Fianna Fáil TD for Sligo-Leitrim and Spokesperson on Small Business & Enterprise Eamon Scanlon says women are getting a raw deal under the current pensions system. Because many women take time out of their working lives to have children or care for loved ones they lose important credit contributions and fail to meet the threshold for the full State pension.
Deputy Scanlon explained, “This is an issue that I have been raising for some time, and changes over recent years has made the situation worse for women. Financial hardship in retirement has become a real problem for women because of the way the current system is structured. It is deeply unfair to penalise women who take time out of the workplace to raise children and we need to see the current system reviewed.
“I have been contacted by a number of women who are extremely worried about their pension entitlements. Many of them will not be entitled to the full pension payment because they don’t have enough paid contributions and are anxious about how this will impact their pensions.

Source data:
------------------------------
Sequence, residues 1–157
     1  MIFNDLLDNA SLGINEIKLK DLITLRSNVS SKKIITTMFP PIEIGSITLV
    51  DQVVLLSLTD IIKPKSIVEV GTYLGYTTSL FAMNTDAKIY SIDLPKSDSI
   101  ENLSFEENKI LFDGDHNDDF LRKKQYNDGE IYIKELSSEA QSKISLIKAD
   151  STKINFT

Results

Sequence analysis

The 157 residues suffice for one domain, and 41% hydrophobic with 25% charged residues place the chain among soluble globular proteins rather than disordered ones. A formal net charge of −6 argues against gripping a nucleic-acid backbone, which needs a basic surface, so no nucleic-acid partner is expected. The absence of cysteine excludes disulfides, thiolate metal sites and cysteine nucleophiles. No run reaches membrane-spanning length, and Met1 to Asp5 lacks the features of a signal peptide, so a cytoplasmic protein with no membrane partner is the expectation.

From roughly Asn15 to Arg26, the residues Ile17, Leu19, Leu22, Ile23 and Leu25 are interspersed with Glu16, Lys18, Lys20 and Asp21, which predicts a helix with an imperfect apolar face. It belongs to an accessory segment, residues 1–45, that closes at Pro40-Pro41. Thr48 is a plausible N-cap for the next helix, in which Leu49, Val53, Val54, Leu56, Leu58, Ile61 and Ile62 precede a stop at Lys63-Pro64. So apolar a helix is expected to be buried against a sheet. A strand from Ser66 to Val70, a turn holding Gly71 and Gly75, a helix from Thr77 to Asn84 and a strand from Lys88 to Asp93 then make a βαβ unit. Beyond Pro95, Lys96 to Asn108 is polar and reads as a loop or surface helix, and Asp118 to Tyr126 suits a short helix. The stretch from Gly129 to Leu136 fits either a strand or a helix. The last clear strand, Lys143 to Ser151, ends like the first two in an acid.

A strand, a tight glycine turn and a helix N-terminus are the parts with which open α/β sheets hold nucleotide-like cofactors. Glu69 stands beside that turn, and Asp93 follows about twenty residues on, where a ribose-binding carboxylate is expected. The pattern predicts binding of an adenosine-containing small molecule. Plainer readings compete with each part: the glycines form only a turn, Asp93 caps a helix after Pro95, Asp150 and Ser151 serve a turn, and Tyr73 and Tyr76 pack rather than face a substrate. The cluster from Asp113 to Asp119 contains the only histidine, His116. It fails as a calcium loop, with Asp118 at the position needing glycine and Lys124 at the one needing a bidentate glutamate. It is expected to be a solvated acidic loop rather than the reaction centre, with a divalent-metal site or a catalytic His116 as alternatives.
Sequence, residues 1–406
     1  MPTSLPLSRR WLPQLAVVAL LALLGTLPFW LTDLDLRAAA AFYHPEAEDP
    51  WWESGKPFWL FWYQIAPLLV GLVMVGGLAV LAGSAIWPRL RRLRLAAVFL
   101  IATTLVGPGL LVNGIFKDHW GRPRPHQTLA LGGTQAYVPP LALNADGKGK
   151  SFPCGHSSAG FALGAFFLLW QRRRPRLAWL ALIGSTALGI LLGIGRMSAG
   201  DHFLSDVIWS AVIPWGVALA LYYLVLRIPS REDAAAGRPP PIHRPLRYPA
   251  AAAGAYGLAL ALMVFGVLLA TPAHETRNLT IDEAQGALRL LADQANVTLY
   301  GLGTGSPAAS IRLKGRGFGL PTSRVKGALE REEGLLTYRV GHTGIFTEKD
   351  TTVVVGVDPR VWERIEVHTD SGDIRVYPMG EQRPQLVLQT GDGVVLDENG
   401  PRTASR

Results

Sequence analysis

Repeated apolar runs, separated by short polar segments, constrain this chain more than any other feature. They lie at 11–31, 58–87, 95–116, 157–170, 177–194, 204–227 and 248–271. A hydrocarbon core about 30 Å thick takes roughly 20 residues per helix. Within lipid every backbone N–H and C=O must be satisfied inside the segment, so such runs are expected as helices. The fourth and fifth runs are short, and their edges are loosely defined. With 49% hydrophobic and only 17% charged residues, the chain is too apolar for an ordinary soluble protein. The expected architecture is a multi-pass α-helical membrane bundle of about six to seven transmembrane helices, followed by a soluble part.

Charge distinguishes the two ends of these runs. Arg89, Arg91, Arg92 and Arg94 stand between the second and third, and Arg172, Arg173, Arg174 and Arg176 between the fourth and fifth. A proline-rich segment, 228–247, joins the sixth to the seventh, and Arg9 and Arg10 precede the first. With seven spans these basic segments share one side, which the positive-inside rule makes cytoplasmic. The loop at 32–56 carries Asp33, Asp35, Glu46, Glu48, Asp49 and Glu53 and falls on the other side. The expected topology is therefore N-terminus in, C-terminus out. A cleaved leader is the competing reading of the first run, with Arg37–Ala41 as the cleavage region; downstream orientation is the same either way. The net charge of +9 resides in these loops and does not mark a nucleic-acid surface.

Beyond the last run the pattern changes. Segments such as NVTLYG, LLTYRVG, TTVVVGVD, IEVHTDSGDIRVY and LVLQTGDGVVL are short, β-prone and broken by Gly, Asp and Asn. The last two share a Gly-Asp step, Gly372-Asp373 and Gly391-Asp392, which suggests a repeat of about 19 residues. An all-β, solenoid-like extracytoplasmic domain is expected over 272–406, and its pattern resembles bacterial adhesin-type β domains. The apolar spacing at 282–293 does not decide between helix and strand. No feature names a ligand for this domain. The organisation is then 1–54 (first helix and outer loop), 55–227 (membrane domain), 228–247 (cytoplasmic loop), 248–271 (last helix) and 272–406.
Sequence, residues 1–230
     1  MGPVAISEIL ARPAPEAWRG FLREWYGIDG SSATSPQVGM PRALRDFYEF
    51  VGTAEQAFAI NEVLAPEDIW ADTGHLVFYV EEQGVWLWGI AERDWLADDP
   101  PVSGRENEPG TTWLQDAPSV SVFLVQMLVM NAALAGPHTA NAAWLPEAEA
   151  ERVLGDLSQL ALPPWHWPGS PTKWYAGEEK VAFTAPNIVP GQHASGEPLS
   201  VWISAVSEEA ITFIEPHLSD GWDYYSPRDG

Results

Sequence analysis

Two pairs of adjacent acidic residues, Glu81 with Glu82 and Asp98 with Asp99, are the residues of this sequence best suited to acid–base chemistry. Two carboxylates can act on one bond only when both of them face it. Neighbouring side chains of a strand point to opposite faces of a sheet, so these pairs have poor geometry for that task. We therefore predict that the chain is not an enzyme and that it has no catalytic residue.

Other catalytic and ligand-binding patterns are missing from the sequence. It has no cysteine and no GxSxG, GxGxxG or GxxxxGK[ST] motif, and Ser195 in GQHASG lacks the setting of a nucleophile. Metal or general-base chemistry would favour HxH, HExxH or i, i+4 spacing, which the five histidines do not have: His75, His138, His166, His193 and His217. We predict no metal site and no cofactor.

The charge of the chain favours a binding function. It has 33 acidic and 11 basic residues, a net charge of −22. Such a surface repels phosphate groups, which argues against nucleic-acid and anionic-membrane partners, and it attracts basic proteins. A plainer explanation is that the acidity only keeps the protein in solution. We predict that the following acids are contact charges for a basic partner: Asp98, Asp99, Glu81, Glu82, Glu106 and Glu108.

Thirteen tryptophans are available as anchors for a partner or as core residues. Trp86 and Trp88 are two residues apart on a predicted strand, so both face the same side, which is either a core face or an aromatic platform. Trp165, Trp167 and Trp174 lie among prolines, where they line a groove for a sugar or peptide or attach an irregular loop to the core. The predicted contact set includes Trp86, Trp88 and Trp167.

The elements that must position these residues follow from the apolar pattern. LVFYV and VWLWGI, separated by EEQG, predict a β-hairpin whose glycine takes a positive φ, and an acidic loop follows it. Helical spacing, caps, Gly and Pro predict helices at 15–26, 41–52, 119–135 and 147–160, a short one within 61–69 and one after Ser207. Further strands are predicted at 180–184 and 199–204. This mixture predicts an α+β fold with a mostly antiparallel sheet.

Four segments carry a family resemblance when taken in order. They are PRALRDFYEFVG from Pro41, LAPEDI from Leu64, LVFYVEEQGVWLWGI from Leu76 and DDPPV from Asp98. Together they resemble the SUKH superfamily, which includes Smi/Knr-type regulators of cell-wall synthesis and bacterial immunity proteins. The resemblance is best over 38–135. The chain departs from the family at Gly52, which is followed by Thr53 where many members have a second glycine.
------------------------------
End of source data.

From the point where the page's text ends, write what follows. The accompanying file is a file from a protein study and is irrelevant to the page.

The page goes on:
“A 2012 study by the European Institute for Gender Equality found that the pension pay gap between men and women amounted to almost €700 a month. In fact only 16% of women receive the full State pension, and changes to the contributory thresholds, which determine how much people receive, have made the situation for women worse.
“As a result of these changes, the number of paid contributions needed to qualify for a State pension increased from 260 to 520. This effectively makes it more difficult for those without a full-time, long-term working history to qualify for the maximum weekly payment, and it penalises women who took career breaks to have children.
“We need to move towards a universal pension system which gives women and men equal access to a comprehensive pension guarantee, which provides a decent standard of living for all. The current State pension scheme must be reviewed and replaced with a system which doesn’t discriminate against women”.